Kaiser Aluminum

Jackson Herald
November 22, 1957

Plant Production Started

Editors See History Made At New Plant

Primary aluminum in a molten stream has signalled the beginning of production at the new Kaiser Aluminum & Chemical Company plant and the birth of a new basic industry in the Ohio Valley.

The first production of aluminum started at 2:39 Sunday afternoon with officials of the corporation and members of the press witnessing the history making event.

Only one cell was opened, but Works Manager Lloyd Amos explained that once opened they never shut down, day or night. When completed there will be 656 cells, or pots with 164 in each of the four lines through the plant.

Newsmen were seeing the first of millions of tons of primary aluminum to follow in the years ahead, the cascading metal linked together in a new enterprise of vast coal reserves of West Virginia with the reddish ore, bauxite, of Jamaica in the British West Indies.

When completed there will be 102 acres under roof at the plant which is the first aluminum operation in the world designed as an integrated operation to process the sugar like chemical compound alumina to plate, sheet and foil at a single site.

The white powdered alumina for smelting at the plant is provided by a $70 million dollar plant now under construction at Gramercy, La. There is an all water route between the two plants which means cheap transportation which was one of the prime factors in locating the plant in Jackson county.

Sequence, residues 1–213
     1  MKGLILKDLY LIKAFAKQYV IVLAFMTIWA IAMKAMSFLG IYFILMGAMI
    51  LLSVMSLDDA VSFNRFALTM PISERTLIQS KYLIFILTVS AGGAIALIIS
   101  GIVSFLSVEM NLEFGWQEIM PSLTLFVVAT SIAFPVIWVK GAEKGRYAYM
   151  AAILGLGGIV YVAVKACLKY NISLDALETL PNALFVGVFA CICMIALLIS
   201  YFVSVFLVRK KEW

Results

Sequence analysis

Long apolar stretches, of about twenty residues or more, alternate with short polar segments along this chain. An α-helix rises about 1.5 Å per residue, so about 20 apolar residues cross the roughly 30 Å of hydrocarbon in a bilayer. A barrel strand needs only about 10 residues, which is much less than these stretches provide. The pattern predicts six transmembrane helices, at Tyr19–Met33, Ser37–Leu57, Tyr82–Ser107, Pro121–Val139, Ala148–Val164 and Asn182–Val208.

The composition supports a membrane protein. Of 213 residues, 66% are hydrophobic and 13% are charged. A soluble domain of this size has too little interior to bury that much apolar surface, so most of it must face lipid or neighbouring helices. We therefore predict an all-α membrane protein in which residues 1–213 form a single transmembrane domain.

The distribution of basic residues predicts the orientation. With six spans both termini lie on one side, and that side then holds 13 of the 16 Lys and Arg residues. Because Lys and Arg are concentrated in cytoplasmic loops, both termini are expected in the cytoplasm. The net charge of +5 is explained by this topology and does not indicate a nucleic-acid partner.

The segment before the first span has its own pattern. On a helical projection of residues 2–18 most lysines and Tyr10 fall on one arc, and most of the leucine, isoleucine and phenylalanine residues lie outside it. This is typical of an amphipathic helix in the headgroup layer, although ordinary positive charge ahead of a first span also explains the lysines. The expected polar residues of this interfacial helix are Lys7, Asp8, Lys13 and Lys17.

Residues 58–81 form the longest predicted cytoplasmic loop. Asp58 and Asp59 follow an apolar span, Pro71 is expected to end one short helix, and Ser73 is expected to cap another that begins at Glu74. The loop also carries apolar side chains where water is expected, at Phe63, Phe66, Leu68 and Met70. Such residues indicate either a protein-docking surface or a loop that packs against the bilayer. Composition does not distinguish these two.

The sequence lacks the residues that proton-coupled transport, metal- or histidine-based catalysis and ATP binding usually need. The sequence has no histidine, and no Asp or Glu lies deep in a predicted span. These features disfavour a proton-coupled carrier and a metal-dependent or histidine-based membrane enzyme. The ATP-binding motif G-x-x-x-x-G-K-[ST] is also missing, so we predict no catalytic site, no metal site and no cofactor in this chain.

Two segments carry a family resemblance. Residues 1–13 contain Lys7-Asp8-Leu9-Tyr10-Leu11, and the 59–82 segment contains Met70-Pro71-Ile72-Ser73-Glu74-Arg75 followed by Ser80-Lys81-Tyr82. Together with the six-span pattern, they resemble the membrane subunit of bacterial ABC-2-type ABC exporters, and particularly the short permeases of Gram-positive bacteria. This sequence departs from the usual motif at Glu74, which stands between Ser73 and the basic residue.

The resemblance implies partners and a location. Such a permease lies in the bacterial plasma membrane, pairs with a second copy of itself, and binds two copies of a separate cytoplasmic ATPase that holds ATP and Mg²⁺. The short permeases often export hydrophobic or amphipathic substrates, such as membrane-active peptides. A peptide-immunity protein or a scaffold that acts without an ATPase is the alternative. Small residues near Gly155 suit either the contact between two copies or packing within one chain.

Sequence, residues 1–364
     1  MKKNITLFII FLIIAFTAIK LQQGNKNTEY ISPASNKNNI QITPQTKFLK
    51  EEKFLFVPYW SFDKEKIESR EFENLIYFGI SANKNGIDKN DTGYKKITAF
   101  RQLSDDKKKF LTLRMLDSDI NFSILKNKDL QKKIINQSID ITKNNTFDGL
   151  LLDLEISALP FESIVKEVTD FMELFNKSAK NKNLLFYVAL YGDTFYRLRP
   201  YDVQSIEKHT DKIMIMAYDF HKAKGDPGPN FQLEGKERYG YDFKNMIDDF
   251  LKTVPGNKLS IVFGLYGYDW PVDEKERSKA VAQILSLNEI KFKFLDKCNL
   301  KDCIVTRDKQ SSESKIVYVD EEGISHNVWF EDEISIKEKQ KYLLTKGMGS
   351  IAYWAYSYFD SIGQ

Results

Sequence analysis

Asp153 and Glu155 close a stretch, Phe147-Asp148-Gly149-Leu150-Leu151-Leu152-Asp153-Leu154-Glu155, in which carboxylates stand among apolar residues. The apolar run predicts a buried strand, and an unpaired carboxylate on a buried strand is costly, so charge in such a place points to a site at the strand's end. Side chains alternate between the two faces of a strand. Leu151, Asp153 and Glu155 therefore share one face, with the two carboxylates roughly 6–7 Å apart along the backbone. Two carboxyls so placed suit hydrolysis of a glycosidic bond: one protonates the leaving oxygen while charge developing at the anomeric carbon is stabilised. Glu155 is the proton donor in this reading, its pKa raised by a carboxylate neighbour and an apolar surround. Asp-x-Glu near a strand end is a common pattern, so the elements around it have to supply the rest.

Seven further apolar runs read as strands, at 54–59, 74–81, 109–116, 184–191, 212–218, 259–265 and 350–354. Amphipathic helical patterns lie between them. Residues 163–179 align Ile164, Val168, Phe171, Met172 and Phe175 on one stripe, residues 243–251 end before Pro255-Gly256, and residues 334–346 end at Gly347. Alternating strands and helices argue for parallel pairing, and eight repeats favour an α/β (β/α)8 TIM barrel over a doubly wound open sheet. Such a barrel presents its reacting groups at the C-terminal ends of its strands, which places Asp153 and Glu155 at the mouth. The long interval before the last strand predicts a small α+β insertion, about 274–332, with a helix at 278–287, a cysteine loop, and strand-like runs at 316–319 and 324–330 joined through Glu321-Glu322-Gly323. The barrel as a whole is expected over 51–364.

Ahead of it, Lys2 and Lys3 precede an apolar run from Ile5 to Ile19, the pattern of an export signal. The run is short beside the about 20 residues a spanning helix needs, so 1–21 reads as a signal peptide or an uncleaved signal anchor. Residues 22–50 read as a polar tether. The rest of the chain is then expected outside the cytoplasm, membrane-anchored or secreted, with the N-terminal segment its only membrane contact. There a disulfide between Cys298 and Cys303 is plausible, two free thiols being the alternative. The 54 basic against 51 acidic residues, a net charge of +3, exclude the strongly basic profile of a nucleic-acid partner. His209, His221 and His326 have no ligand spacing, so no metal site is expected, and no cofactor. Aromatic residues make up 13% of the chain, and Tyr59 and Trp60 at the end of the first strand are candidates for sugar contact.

The electrolytic cells are carbon lined steel pots each 20 feet long, 10 feet wide and with a cavity 14 inches deep. A line consists of 164 units connected in series by 2,000,000 pounds of aluminum bus bar, or electrical conductor.

A complete electrical circuit is formed by the current flowing through carbon blocks immersed in a mixture of aluminum oxide and cryolite in the cavity and out through the pot lining.

As the electric current passes through the molten mixture, the aluminum and oxygen separate with the metal settling to the bottom of the pot. The aluminum is then siphoned off. Each pot produces more than 1,000 pounds of aluminum per day.

From the reduction plant, the molten aluminum is carried in 8,000-pound capacity crucibles by special rubber tired carriers to the casting department.

There the molten metal is placed in one of six production units, each consisting of a melting furnace, a holding furnace and an ingot casting station.

Here ingots weighing up to 10,000 pounds are cast in preparation for rolling in the 32-acre fabricating facility which, except for two foil mills and a light gauge sheet mill already in operation, will be in production next year.

When the integrated facility is completed, probably some time in 1960, there will be some 5,000 permanent employees.

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